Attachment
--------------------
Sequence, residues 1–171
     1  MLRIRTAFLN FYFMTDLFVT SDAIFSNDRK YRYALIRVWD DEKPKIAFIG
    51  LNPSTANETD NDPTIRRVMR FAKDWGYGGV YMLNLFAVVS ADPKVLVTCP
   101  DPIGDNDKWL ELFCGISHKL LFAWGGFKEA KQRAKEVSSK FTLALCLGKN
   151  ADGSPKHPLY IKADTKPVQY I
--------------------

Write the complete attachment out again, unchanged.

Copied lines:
Sequence, residues 1–171
     1  MLRIRTAFLN FYFMTDLFVT SDAIFSNDRK YRYALIRVWD DEKPKIAFIG
    51  LNPSTANETD NDPTIRRVMR FAKDWGYGGV YMLNLFAVVS ADPKVLVTCP
   101  DPIGDNDKWL ELFCGISHKL LFAWGGFKEA KQRAKEVSSK FTLALCLGKN
   151  ADGSPKHPLY IKADTKPVQY I